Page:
Tuesday, 16 September 2008

This, That and the Other.

Two Baptisms after Mass on Sunday following a glass of wine for everyone to wish Simon well. Lunch at home afterwards to celebrate our Parish Priests forty fifth anniversary of being ordained Deacon. Solemn Evensong and Benediction after that will bring the day to a close for many but your scribe will be going home for a restorative glass of wine. Our font looks very brooding in this picture which I took in the morning light but on Sunday it will glimmer with candlelight and a slick of blessed oil and the flash, I suppose, of a dozen mobile phones taking pictures. I do not have a mobile 'phone, so am allowed to be mildly acerbic towards them.

The altar looked very bare today as well, compared to Sunday morning, rather like taking the Christmas decorations down, but on Sunday night it will be ablaze in candles and the glory of the King as we approach Him in our best court clothes, to kneel at the foot of His earthly throne. Times and seasons plod on, lawns need mowing more or less often, but here we are and here we are supposed to remain, becoming slowly more detached from what some would see as a compulsory reality voted upon by the terminally deluded and more and more attached to the truth and to the Lord. I, for one, am perfectly serene about the whole proposition.

The postman today proved a bearer of exoticism, bringing a new High Mass set with cope from India, in lustrous green. It needs a little adjustment, here and there, but it will be blessed in two weeks from now, on the Sunday when I am preaching for a friends grandchild's Baptism elsewhere and we shall wear it the week after. Watch this space! Oh, I know, you do anyway and we are all very glad to keep such esteemed company.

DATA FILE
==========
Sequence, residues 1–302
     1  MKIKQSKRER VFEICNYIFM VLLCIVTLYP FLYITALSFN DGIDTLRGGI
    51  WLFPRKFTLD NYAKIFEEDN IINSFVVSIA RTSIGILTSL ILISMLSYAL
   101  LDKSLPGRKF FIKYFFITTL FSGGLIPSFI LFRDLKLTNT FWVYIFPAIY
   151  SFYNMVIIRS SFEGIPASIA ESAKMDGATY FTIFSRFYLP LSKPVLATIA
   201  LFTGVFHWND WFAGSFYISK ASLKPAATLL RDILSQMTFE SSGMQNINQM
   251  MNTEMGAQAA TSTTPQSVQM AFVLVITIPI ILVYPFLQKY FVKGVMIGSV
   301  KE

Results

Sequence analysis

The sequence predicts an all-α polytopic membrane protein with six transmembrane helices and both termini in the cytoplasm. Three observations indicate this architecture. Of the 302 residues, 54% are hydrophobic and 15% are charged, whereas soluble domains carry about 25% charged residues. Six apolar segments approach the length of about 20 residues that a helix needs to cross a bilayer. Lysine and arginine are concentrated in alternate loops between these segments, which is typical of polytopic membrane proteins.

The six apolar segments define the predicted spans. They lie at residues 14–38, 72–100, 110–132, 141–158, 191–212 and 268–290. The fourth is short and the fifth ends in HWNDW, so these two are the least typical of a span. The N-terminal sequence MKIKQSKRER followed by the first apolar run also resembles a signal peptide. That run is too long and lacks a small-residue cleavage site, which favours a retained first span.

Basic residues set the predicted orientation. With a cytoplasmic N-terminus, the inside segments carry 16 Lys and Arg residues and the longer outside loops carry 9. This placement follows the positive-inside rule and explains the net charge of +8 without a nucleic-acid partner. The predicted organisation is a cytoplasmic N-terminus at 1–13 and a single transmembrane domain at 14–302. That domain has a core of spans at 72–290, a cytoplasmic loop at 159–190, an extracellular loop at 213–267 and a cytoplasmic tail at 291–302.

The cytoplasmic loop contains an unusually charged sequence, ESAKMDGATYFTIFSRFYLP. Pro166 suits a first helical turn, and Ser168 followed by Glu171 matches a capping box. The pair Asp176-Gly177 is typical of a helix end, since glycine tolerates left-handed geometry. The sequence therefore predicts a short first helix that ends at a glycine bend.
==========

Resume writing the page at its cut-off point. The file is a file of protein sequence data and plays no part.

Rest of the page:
A sudden baroque chalice also appeared today, back from the menders in Cheetham Hill, freshly gilded and straightened, much like Jeffrey John and shining in a new glory. Happy days. Excitement also came in the form of our Parish Christmas Lunch venue cancelling our booking due to refurbishment, so I am trying to find someone else to feed ninety hungry souls in December, on the same day at the same time. The local golf club seems a possibility, I shall pop in tomorrow on my way back from a meeting at the Community House in Mirfield.

Father Hunwicke, in his excellent blog wonders which Saint to keep on Friday, Theodore of Canterbury or Januarius. I favour Januarius, for the sheer excitement of the screaming 'aunts' of the Saint who scream at the relic and the continental nature of the thing. Theodore was Greek, though, which counts for something I suppose. I suggest in similar dilemmas that the merits of the national drink of each country be weighed and the most palatable decided upon. Not only will it bring a welcome note of cheer to the day, a practical demonstration might have a positive effect on numbers as well.